OPINION20 December 2012

Big data and the consumer

Data analytics

Consumers are coping better with information overload than you might think. IBM’s Vivian Braun highlights the key findings of a recent survey of how people are adapting to a big data world.

In just a short space of time, we’ve gone from living in a world where data was a relatively rare commodity controlled by a select group of information gatekeepers, to one where massive amounts of data on every imaginable subject are available at the click of a mouse.

For organisations, both private and public, this has created a significant big data opportunity – using sophisticated analytical tools it is possible to interrogate and sift through the digital information generated by our online world to discover patterns and trends in consumer behaviour and sentiment, and then cross-analyse this with traditional types of data. As such, big data enables organisations to develop closer, more personal relationships with consumers, based on what they actually want rather than a crude demographic guess.

But how does the consumer themselves deal with this new data-rich world? Commentators in the media, government and academia regularly express concern about our ability on a personal level to live in a hyper-connected world, creating a popular perception of a society struggling to cope with information overload. But does this accurately reflect the reality of people’s day-to-day lives? Are consumers really drowning in a tidal wave of data or are they learning to navigate this vast ocean of information?

According to recent research from IBM, the latter appears to be nearer to the truth. Surveying over 2,000 individuals across the UK, the research shows that consumers are becoming more analytical in the way they use online and social media resources, developing formidable filtering and comparison skills in order to rapidly make decisions in all areas of their lives.

Compared to the world as it was just five years ago, there has been a radical shift in both consumer behaviour and consumer attitudes towards personal technologies. The growth in ownership of smartphones (and now tablets), the proliferation of data-crunching apps on these devices and a general increase in social media activity across generations have made a big contribution to putting individuals in control of the information they consume and share. From the days of the early internet, the web is now a more user-friendly place to be, making it easier for all of us to become data analysts.

The IBM research reveals a number of interesting stats and trends, for example:

  • 62% of consumers think the internet and social media has made decision-making easier than five years ago
  • Broadcast media (TV and radio) is on average five times less influential on decision-making than online sources
  • Young adults ( 18–24 ) are twice as likely to use social media to research purchases as the 35-plus age bracket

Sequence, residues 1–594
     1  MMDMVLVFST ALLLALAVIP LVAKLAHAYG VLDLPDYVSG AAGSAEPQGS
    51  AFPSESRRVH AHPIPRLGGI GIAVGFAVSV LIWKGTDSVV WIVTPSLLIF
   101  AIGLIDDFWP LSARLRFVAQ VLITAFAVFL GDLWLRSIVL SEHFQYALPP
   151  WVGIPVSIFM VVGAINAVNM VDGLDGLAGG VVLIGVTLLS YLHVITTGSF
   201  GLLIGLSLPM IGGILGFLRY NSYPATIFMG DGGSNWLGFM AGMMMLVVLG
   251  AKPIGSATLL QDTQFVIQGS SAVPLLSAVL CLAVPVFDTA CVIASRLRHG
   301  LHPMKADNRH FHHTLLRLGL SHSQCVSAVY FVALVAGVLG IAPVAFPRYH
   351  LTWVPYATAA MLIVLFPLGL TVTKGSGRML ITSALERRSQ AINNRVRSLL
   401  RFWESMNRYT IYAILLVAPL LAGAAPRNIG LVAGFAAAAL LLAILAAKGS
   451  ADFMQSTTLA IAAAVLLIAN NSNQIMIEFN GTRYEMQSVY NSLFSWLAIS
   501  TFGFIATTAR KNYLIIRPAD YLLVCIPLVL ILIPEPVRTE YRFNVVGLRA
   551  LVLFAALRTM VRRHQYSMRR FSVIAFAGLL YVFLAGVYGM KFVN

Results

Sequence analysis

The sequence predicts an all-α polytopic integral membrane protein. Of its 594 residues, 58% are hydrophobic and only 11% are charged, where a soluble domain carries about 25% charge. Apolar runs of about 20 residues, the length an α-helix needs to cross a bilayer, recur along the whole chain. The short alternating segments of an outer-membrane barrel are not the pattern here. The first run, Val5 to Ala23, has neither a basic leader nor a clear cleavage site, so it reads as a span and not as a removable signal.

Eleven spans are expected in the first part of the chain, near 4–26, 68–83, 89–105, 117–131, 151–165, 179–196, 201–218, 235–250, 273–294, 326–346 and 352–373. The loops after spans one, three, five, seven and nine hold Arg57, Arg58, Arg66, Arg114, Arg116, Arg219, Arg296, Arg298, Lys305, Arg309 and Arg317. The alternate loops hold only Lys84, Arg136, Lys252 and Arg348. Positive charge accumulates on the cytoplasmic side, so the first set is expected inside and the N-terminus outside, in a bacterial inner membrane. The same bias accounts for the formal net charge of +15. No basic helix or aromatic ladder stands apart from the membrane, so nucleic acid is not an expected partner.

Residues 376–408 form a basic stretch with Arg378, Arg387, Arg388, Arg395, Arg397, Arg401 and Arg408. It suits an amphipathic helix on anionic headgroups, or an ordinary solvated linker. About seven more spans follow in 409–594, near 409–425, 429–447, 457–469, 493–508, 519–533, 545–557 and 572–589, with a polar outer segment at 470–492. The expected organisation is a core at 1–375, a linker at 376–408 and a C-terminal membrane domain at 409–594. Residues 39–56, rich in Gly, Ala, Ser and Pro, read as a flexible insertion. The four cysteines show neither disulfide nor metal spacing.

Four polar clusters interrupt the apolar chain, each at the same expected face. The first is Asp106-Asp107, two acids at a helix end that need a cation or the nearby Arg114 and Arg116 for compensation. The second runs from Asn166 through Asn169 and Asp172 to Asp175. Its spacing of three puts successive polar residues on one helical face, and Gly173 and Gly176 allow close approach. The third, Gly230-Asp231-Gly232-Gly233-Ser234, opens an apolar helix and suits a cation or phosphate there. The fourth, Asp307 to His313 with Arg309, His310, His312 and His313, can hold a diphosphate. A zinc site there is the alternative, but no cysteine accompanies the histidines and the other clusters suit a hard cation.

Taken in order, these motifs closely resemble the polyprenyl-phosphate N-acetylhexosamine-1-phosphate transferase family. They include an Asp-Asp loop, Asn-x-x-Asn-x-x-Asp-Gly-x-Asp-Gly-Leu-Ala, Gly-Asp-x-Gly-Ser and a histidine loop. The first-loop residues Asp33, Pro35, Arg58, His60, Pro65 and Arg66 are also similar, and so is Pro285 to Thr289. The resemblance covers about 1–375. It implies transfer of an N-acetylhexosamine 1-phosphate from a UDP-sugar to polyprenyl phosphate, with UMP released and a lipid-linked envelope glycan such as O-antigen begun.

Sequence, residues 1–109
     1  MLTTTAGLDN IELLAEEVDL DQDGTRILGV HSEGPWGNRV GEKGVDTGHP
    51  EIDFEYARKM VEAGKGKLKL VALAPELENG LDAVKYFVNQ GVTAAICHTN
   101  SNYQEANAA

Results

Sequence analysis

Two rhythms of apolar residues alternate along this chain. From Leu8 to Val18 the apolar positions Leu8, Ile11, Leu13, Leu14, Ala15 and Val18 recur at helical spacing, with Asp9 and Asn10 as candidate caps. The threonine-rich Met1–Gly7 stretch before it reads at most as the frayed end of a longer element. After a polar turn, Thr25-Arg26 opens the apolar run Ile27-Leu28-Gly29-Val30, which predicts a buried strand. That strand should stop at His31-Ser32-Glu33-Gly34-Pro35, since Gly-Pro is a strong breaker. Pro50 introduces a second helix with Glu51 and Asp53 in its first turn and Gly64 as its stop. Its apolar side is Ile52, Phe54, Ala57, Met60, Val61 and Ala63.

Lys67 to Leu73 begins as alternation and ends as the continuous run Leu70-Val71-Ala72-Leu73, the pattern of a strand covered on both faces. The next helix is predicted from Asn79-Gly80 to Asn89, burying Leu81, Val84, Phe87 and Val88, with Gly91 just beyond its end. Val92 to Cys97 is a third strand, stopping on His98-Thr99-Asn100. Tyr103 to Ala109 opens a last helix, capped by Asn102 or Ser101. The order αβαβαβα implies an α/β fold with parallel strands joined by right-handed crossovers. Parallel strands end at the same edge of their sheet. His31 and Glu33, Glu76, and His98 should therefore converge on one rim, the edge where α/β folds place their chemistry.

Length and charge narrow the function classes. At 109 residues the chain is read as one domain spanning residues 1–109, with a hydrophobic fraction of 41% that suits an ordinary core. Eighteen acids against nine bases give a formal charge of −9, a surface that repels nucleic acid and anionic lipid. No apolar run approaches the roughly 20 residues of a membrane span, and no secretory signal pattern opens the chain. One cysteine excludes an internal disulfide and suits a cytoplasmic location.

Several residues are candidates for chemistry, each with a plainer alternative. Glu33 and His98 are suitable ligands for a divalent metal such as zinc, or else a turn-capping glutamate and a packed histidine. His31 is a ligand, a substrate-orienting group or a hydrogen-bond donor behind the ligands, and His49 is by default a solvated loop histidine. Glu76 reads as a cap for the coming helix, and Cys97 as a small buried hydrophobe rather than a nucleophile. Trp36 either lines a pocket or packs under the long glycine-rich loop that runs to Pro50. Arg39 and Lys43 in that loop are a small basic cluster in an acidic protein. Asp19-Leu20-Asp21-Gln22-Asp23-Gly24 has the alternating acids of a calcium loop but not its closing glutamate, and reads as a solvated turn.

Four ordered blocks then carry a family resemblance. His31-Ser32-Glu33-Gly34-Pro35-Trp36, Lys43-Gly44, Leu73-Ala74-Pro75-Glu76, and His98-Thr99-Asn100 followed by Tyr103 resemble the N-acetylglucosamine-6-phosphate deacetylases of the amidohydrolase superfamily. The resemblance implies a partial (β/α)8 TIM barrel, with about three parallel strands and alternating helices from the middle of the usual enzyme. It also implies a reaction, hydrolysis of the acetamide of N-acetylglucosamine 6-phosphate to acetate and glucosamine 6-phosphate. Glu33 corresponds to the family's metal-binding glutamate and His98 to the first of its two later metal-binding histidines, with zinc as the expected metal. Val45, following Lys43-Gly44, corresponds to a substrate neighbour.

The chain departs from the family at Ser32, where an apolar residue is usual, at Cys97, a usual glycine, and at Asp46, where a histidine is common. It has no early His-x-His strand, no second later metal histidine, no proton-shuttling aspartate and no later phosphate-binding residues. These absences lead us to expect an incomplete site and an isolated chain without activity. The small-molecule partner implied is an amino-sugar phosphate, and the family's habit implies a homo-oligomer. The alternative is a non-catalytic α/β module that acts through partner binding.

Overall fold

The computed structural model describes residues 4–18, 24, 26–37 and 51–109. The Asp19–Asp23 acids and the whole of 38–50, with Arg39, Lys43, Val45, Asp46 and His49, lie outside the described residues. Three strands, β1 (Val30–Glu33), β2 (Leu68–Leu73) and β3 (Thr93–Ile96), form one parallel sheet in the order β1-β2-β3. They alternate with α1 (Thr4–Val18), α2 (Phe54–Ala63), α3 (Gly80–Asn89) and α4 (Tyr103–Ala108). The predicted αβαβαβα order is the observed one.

• Young consumers also rate the influence of social media more highly than all other age groups when making everyday decisions
  • Consumers now value online crowd-sourced word-of-mouth – such as opinions on review sites – as much as the opinions of friends and family
  • Spelling and grammar have a significant influence on whether opinions are trusted or not – even among young adults
  • Ease of access to information on a website is a lot more important to consumers than the look of the site

When browsing social media networks, forums and review sites, consumers are increasingly applying cross-checking and filtering processes as a matter of course. In particular, young adults are very comfortable with jumping between multiple online resources, polling opinion and cross-referencing information to research everything from their latest music download to their next job.

So what does this mean for those organisations trying to interact with people, whether as citizens or customers? For one thing, it shows that individuals are being empowered to make more informed choices than ever before. As such, if organisations want to develop personal relationships with their target audiences – and to remain competitive, they absolutely should – then they need to continuously monitor which other voices and factors are influencing their audiences’ decision-making. And so we come back to the value of big data.

IBM’s research clearly demonstrates that, rather than struggling to deal with information overload, modern consumers are proactively using the abundance of data sources available to them to be more savvy about the decisions they make. Ultimately, as consumers get increasingly analytical, so must the organisations they interact with.

Vivian Braun is Business Analytics for Smarter Commerce Manager at IBM

1 Comment

12 years ago

Interesting article! It does raise some interesting data questions though. In the third paragraph, you speak of interrogating and sifting information generated by the online world and then cross analysing them by "traditional types of data". What do you mean by this exactly? I'm interested to know how you cross analyse seemingly independent data sources. Secondly, a large part of the remainder of the article deals with how consumers behave, but most of what you're writing about is how consumers use the internet (filtering results, looking at multiple sources of information). Do you really count this as "using Big Data"? From where I'm standing this looks more like "just using the Internet", like most of us have since the 1990s. I'm not sure that consumers are using any specialist "Big Data Tools", more that they're just "surfing the web". I am genuinely interested to hear your responses!

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